Monday, September 19, 2005


An excellent appeared on the Los Angeles Angels of Anaheim web site following Chuck Obremski's homecall.

I've reproduced some of it here:

Byrd pitches with heavy heart...
During the game, he learns team chaplain dies of cancer
By Mark Thoma /

ANAHEIM -- Just before throwing his first pitch Sunday afternoon, Angels starter Paul Byrd turned toward center field and raised his arms over his head to form an "O," so Chuck Obremski would see on his TV that Byrd had the ailing team chaplain in his thoughts.

Obremski had been battling terminal cancer all season long, but after visiting him in the hospital Saturday night, Byrd decided he would make a public show of support before every inning Sunday. His timing couldn't have been more appropriate.

Obremski succumbed at 1:05 p.m. PT -- the exact moment that Byrd took the field -- something Byrd wouldn't learn until the fifth inning. When he found out, though, Byrd heeded the chaplain's advice to "finish strong," remaining sharp on the mound in his final innings and earning his 12th win in the Angels' 5-3 win over the Tigers.

As he walked off the field to a standing ovation, Byrd offered one last "O," dedicating the win and his perseverant performance to the man who helped keep his spirits up as Byrd's first year as an Angel got off to a rocky start.

"I had a real tough first outing of the year. ... He called me and said, 'Hey, you're gonna come back from this. We're gonna fight together, and we're gonna win together,' " Byrd said after the game. "He was encouraging me, and I should've been encouraging him."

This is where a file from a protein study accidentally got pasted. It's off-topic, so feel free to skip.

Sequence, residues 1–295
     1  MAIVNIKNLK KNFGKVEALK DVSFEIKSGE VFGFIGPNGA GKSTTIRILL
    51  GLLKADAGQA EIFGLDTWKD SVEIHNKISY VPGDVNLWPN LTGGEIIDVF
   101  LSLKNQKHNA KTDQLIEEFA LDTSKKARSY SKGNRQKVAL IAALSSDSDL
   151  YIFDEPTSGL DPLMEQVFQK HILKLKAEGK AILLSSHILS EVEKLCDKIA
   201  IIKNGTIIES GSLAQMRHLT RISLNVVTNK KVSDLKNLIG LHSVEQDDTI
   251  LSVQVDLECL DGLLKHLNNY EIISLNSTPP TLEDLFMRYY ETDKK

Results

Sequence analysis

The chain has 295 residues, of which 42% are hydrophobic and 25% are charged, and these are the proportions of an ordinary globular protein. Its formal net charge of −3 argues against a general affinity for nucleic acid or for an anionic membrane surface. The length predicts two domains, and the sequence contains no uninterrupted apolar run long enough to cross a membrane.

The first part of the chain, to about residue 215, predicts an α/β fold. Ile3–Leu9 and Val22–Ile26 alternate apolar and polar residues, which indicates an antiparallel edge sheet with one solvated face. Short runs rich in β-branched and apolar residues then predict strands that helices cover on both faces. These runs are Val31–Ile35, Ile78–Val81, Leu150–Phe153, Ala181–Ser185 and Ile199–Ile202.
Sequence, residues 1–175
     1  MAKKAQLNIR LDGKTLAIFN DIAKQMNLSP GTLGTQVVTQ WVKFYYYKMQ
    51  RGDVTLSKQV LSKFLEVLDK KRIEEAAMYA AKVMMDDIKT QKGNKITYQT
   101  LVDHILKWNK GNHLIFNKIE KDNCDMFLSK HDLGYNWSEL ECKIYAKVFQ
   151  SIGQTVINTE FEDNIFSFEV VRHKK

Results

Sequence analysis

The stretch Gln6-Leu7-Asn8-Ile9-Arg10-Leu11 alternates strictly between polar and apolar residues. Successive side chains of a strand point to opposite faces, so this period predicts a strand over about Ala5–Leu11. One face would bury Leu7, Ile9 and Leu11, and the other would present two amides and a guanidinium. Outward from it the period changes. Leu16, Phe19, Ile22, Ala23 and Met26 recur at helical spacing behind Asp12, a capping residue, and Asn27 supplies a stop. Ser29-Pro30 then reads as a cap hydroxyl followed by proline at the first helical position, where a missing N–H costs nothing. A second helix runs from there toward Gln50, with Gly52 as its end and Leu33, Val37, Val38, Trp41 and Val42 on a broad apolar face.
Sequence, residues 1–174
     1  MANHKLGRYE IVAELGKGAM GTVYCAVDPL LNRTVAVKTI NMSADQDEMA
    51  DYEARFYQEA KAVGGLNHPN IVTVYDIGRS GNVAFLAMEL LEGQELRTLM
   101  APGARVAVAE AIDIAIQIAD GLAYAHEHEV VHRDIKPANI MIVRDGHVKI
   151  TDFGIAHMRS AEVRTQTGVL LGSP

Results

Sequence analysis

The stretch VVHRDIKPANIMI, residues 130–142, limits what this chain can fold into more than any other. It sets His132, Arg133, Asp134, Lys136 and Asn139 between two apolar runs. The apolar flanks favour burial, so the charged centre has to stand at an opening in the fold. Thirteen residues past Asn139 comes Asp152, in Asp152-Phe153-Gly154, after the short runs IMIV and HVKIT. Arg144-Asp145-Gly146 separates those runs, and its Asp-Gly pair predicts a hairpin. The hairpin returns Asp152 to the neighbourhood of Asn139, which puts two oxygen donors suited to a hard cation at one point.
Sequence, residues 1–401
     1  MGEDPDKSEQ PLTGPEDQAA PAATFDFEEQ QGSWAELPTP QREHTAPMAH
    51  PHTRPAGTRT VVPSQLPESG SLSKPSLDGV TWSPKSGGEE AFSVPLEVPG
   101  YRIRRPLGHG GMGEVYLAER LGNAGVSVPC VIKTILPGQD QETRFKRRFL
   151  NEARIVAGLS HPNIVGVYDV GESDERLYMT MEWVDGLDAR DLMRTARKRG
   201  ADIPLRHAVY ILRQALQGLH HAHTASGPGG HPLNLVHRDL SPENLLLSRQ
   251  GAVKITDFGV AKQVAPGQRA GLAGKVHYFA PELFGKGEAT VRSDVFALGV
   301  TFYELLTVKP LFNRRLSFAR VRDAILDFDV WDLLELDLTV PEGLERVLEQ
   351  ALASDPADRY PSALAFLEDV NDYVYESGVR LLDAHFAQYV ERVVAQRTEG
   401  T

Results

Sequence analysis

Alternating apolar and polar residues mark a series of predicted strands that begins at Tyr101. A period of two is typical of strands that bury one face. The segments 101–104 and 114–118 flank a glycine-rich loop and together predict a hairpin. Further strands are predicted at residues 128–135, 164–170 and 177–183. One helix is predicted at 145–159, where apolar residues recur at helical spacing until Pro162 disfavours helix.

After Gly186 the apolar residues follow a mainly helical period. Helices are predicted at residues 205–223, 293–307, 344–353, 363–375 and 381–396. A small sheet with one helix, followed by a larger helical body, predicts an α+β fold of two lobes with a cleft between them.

Sunday, Byrd (12-10) allowed only seven hits and one run in 6 2/3 innings, striking out six despite occasionally struggling with command and facing a pesky Detroit offense. Just as Ombremski promised, Byrd has rebounded nicely from an April that saw him go 1-3 with a 5.29 ERA. After Sunday's win, Byrd's 3.62 ERA is the 12th best in the American League. He has won three of his four September starts, and Sunday's win maintained the Angels' two-game lead over the A's in the American League West.

"These guys know we have to grind every game, every out," Scioscia said, "and we did a good job of holding on today."
And Byrd did, under difficult cirumstances, with his thoughts on Obremski.

"We'll miss him. We're sad for us, but it was time," Byrd said. "He was ready, his family was ready. ... It was a good time."

Mark Thoma is a contributor to

1 comment:

  1. to be able to say "i have fought the good fight. i have finished the course. i have kept the faith" ... what a witenss ... Chuck certainly had a struggle these past months - but it sounds like he left a legacy behind in the hearts of those that knew him ...

    thank you for introducing me to Chuck Obremski through your blog ... i might never have known the story otherwise ...

    blessings ...